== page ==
At 10:30 a.m. the justices will hear Giavonni J. Williams v. State of Indiana, No. 02A03-0908-CR-363. Giavonni Williams appeals his convictions of strangulation and battery and the denial of his motion to separate witnesses. On March 17, the high court determined Williams' case warrants oral argument on whether the state adequately overcame the presumption of prejudice stemming from the denial of the motion for separation of witnesses.

All arguments will be webcast live at https://mycourts.in.gov/arguments/ .

ADVERTISEMENT

Post a comment to this story

COMMENTS POLICY
We reserve the right to remove any post that we feel is obscene, profane, vulgar, racist, sexually explicit, abusive, or hateful.
 
You are legally responsible for what you post and your anonymity is not guaranteed.
 
Posts that insult, defame, threaten, harass or abuse other readers or people mentioned in Indiana Lawyer editorial content are also subject to removal. Please respect the privacy of individuals and refrain from posting personal information.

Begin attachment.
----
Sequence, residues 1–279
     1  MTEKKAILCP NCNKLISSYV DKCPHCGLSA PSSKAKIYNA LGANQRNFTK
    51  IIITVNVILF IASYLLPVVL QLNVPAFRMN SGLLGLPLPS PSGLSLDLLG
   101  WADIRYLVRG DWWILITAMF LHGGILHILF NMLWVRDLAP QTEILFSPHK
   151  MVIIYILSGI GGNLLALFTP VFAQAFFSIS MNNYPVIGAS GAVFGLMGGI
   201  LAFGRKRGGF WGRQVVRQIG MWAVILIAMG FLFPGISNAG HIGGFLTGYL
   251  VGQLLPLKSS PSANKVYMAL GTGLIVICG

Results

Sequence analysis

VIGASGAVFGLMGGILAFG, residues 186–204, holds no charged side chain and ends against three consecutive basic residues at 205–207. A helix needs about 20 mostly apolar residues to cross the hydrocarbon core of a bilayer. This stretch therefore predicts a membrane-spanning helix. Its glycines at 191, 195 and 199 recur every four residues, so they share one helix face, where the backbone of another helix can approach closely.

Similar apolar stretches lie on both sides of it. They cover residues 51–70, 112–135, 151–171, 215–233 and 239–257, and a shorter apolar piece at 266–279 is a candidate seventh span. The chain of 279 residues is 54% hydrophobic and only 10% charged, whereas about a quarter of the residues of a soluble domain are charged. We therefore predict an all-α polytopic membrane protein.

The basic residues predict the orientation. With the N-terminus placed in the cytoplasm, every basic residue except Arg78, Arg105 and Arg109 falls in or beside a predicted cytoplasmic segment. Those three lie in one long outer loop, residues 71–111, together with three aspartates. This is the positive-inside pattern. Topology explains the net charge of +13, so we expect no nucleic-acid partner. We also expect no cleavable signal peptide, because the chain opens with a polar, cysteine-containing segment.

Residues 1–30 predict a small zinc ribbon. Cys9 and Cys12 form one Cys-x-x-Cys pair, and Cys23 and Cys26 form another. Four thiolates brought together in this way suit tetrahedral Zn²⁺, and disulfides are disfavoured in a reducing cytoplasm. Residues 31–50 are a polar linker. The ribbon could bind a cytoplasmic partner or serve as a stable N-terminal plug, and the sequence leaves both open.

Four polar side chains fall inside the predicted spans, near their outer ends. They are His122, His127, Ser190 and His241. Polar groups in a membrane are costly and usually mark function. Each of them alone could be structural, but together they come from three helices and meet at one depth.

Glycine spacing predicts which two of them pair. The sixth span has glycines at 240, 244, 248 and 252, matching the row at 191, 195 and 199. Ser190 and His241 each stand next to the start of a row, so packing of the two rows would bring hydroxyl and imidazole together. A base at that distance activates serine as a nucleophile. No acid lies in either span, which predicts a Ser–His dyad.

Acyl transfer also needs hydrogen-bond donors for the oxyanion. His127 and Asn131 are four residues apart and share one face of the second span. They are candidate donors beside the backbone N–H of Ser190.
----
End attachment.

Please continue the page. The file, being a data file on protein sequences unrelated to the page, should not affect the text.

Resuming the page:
No solicitations, spamming or advertisements are allowed. Readers may post links to other informational websites that are relevant to the topic at hand, but please do not link to objectionable material.
 
We may remove messages that are unrelated to the topic, encourage illegal activity, use all capital letters or are unreadable.
 

Messages that are flagged by readers as objectionable will be reviewed and may or may not be removed. Please do not flag a post simply because you disagree with it.

Sponsored by

facebook - twitter on Facebook & Twitter

Indiana State Bar Association

Indianapolis Bar Association

Evansville Bar Association

Allen County Bar Association

Indiana Lawyer on Facebook

facebook
ADVERTISEMENT
Subscribe to Indiana Lawyer